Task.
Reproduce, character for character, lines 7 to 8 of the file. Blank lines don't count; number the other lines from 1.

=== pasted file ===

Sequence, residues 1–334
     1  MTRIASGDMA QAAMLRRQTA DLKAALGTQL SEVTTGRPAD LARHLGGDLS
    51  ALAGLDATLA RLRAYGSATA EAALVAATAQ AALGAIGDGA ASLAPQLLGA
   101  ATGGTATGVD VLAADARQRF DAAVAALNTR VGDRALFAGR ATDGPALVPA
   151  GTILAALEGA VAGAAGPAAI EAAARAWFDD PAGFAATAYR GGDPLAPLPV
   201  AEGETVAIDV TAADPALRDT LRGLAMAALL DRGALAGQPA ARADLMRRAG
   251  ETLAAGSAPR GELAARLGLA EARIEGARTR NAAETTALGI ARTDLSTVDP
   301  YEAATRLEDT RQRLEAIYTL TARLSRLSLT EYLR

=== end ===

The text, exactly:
   251  ETLAAGSAPR GELAARLGLA EARIEGARTR NAAETTALGI ARTDLSTVDP
   301  YEAATRLEDT RQRLEAIYTL TARLSRLSLT EYLR